It’s true that pancakes are not so common in The Europe and that being the case, there are next to no recipes using metric measurements which aren’t actually recipes for crepes in disguise. Every time I try to make pancakes when at the in-laws, things go a bit, well, screwy when I try to convert the measures since the American/British standard system is crap, nonsensical, and doesn’t convert well in to a base ten system. Because of this, I finally sat down and properly weighed and measured everything in metric from a base pancake recipe that I happen to like a great deal and have expanded upon.

Let me just add that I’ve found out after the fact that if you’re making these in Europe the flour is a massive problem. Flours in Europe and the US are considerably different from one another and this recipe is based on US flour. If in Europe, first off, you will need cake or pastry flour, not bread flour. Secondly, you might need to add in gluten although I’m still messing around with this. Lastly, you will probably need to increase the baking powder amount by 10-15% and cut the milk by 10%. Again, I am still working with this. Let me emphasize that when in the US, this recipe works perfectly as-is.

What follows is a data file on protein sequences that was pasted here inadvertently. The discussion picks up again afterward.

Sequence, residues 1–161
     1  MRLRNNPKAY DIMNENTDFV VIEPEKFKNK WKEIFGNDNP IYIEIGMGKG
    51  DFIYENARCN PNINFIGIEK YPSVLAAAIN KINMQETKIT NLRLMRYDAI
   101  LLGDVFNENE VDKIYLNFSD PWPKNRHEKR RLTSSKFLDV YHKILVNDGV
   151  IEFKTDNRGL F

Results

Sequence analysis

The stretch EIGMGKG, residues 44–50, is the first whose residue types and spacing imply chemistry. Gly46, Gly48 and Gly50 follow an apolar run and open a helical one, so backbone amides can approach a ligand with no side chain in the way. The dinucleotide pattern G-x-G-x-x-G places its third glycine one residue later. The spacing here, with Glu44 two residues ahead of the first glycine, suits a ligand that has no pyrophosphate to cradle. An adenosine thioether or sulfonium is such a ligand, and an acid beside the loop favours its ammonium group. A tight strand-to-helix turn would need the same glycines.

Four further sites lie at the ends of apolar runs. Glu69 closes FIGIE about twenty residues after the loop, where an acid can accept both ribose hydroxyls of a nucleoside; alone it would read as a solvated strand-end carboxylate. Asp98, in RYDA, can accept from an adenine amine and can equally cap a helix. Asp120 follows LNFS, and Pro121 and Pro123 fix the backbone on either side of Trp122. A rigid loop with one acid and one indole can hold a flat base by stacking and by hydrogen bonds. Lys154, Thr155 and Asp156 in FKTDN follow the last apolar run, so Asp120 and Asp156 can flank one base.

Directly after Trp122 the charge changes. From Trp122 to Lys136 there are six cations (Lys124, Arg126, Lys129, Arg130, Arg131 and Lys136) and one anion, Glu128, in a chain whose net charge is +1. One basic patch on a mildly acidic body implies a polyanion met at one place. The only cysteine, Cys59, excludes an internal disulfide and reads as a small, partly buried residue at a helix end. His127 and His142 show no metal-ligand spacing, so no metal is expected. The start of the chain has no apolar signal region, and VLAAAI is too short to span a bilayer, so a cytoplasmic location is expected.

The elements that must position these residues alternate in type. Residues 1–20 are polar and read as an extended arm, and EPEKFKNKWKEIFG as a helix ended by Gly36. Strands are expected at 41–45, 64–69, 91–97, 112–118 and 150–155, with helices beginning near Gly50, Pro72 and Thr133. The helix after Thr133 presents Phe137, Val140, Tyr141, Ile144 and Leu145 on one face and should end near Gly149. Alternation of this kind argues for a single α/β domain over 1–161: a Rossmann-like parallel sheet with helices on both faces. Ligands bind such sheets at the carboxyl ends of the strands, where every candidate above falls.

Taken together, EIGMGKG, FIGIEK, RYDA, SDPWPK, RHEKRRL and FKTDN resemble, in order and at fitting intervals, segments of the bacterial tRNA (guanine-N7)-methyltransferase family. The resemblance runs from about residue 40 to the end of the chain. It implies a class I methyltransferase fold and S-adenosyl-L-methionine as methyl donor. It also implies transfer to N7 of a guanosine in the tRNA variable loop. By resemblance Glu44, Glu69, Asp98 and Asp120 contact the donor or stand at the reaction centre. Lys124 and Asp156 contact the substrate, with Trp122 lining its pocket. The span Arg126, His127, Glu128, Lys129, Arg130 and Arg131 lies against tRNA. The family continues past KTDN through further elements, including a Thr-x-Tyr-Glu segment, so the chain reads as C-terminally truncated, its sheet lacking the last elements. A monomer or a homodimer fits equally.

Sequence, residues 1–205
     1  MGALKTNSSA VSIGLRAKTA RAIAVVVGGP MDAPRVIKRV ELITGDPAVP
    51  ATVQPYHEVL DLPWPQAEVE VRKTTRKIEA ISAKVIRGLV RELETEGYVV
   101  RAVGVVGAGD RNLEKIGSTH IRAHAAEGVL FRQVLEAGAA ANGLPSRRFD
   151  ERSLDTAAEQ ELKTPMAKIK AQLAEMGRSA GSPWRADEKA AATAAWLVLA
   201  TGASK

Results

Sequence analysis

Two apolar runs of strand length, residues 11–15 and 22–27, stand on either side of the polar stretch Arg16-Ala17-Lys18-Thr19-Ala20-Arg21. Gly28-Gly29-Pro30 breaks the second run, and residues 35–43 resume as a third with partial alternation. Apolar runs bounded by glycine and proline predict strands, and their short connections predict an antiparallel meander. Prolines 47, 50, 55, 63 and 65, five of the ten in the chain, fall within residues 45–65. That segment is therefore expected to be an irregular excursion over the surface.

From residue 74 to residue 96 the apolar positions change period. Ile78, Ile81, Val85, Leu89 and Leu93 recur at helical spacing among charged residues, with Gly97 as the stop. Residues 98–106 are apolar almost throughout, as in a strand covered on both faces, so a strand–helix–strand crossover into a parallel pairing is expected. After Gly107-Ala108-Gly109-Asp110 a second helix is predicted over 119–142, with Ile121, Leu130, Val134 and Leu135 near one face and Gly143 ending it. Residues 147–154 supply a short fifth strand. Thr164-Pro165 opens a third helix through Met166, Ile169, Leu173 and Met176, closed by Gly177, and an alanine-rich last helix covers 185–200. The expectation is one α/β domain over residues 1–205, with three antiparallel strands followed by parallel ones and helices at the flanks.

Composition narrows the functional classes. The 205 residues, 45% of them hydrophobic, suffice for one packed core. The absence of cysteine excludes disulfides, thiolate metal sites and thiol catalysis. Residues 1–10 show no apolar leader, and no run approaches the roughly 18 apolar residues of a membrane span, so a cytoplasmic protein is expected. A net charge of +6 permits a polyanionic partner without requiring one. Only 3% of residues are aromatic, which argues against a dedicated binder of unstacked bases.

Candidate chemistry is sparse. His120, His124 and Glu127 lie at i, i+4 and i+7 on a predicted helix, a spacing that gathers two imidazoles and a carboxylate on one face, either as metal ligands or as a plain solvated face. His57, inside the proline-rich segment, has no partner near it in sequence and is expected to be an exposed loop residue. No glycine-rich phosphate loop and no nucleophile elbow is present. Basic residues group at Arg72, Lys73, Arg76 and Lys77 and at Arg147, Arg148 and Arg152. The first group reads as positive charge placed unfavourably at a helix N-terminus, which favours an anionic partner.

180ml of milk
130g of flour
30g sugar
12g of baking powder
2g salt
45ml cooking oil
1 egg

You mix together all of the dry ingredients first. Crack the egg in and mix with with the dry ingredients. Mix in the milk and then the cooking oil. Start with 150ml of milk in that mix. Add in the wet ingredients to the dry slowly and stir. If it’s too thick, add in a bit more milk. If it’s too thin and watery, you’ve basically gone crepe and add more flour. If you really want to go crepe, then have it thin and toss in another egg.

Let the batter then sit for 10 minutes or so. Go back and stir it. It might very well need a little bit more milk, in which case, add it.

Use a non-stick pan or use butter to grease a standard, cast iron pan (my preference as they cook up more golden) or better yet, the cast iron griddle which needs a gas burner. Pour out a small spoonful on a pan and cook that side until the batter starts to bubble. Flip and let it cook to golden brown. Remove and repeat until the batter is gone and that’s it, pancakes for the rest of the world. I mean, it’s so much easier to increase the batch, since doubling 200ml instead of 4/5 cups makes a lot more sense.